Sandra, a student of Harner, wrote a book called Soul Retrieval.  She explains that in the shamanic philosophy, someone who suffers trauma experiences a “soul loss.”  In psychology, we call this “disassociation.”  Someone who experiences a severe trauma, such as experiencing war, rape, violence, an accident, or the unexpected loss of a loved one, may feel like they are not themselves.  They may feel detached, depressed, or constantly anxious.  The shamanic explanation is that when a person experiences these kinds of things, they may detach from their body as a survival mechanism.  For example, who wants to be in their body to experience a head-on collision?  When the danger is over, they are meant to come back into their body.  However, this doesn’t always happen.  If the trauma is ongoing or particularly severe, all the “soul parts” may not come back.  A shaman would say those parts are hovering in the energy world waiting to feel safe to return.  The shaman’s job is to travel into the energy world, find the soul parts, and help them return.  We are particularly vulnerable during our formative years of 0-8.  It was the soul retrieval work I experienced throughout my healing process that was particularly helpful.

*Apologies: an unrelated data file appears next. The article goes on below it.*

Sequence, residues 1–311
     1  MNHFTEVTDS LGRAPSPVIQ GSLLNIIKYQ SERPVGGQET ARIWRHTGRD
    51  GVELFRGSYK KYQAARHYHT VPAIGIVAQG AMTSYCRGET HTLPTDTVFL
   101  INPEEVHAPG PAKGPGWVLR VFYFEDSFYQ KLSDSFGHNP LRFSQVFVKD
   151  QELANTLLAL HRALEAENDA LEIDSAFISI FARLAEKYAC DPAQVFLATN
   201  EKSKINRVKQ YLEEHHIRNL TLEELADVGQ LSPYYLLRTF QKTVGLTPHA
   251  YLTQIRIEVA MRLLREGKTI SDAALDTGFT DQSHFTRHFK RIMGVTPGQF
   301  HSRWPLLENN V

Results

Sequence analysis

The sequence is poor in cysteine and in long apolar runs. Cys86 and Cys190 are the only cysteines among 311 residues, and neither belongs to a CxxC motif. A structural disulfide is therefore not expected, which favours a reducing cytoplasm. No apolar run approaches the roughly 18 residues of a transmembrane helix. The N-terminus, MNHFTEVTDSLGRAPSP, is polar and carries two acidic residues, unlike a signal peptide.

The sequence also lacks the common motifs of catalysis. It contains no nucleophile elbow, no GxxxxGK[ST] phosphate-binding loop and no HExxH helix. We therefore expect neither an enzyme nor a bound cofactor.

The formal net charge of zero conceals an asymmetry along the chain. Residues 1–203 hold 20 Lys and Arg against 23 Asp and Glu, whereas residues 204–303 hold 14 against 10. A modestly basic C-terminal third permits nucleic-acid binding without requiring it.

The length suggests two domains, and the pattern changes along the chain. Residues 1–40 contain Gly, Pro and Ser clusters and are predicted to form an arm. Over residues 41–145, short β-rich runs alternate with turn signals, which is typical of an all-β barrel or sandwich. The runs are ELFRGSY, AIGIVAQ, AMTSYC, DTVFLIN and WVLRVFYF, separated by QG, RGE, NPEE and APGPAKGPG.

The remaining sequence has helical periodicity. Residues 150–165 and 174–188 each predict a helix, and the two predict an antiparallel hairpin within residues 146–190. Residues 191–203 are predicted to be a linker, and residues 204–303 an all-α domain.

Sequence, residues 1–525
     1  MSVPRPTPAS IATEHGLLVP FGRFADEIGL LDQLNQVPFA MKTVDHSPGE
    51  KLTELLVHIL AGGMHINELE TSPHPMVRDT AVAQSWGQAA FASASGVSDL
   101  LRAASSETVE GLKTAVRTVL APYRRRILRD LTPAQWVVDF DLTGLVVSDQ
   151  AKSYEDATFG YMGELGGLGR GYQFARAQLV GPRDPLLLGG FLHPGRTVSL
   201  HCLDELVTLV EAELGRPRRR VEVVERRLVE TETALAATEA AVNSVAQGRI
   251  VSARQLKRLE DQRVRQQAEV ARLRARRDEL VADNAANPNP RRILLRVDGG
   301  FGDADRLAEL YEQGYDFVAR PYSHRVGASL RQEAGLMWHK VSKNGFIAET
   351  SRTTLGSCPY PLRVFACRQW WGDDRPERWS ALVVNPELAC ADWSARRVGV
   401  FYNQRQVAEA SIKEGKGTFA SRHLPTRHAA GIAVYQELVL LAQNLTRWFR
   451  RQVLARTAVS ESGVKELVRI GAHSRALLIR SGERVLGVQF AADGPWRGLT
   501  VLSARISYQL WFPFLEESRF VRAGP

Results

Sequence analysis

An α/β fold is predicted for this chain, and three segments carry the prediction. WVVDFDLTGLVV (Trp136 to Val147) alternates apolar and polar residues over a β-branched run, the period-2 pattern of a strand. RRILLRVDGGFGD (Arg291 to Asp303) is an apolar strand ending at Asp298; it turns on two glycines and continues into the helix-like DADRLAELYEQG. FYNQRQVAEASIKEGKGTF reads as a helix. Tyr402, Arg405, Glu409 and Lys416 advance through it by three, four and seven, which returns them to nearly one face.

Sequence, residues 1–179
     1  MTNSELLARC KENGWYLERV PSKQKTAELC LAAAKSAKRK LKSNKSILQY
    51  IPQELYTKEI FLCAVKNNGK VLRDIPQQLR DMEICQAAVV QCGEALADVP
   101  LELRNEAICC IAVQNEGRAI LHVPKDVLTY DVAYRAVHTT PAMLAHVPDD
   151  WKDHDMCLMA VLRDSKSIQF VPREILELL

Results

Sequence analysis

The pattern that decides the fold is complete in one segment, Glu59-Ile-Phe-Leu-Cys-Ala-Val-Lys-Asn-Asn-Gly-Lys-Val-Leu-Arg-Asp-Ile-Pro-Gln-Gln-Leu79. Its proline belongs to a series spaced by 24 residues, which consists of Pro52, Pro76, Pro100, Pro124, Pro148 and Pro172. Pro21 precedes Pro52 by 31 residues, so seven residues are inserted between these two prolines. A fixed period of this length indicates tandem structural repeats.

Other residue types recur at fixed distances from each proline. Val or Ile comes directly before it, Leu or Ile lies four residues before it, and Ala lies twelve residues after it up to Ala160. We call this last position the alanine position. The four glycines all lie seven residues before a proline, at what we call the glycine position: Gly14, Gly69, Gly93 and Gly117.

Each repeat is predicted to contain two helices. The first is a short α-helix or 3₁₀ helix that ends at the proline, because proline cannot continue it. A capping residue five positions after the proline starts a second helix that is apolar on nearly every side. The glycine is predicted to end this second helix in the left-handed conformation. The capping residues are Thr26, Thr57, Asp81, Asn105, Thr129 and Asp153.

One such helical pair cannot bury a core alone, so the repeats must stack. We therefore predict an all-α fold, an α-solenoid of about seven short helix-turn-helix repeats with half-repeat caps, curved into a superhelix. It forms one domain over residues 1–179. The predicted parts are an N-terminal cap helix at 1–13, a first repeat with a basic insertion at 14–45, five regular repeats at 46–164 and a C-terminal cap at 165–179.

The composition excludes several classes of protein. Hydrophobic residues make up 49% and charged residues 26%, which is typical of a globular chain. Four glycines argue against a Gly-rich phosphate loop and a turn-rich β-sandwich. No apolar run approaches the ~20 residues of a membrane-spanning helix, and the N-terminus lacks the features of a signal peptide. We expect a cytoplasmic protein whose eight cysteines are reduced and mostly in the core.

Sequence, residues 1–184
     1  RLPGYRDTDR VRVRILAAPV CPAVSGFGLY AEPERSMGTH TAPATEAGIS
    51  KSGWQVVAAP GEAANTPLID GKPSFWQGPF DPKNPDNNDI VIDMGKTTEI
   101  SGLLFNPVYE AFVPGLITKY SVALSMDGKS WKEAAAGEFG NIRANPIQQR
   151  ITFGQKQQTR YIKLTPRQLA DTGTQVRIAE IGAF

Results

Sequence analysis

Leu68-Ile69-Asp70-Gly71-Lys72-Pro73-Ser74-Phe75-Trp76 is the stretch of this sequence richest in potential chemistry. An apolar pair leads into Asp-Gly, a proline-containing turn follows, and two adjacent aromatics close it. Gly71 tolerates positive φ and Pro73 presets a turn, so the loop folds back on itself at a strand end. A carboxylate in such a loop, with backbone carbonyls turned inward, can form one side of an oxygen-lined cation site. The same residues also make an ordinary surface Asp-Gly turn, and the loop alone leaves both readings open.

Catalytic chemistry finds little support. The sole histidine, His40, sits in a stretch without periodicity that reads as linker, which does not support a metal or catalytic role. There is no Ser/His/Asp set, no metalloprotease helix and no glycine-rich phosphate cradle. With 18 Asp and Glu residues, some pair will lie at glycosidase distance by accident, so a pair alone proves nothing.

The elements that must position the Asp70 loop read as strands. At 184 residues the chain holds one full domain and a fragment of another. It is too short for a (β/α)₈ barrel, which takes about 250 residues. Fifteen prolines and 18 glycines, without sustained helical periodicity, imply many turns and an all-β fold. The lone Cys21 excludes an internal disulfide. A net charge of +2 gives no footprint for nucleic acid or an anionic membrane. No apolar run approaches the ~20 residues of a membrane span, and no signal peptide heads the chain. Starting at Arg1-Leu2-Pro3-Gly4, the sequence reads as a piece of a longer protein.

My studies with Michael Harner and Sandra Ingerman helped me understand at least some of what my indigenous healers were doing when they were doing their healing work with me.  There was often a culture and language barrier.  All I knew was that something profound had happened with the healers I saw and most of the teachers I had.  There were a couple of exceptions.  Those are important as well because learning discrimination is always good.  This kind of healing is not a magic bullet or the instant fix we seem to seek in our modern lives.  I know that at least in my case, my healing was incremental and took time.  It also took commitment as it isn’t always easy.  But I would not trade these experiences for the world, and my gratitude toward the shamans and healers who helped me heal my heart and soul is beyond words.


Bonnie McLean
Bonnie McLean
Dr. Bonnie McLean O.M.D, A.P. has been in practice for 36 years. A graduate of Duke University School of Nursing, she practiced nursing as an RN for 20 years before embarking on her studies in natural medicine, which included an MA in Counseling from Pepperdine University, a Doctorate in Oriental Medicine from California Acupuncture College, and training in energy medicine and shamanic healing. In addition to her holistic acupuncture practice, she is a writer and speaker. She is author of Integrative Medicine: The Return of the Soul to Healthcare, which can be found on Amazon and Barnes and Noble. Bonnie is a contributing author to the inspiring book Crappy to Happy: Sacred Stories of Transformational Joy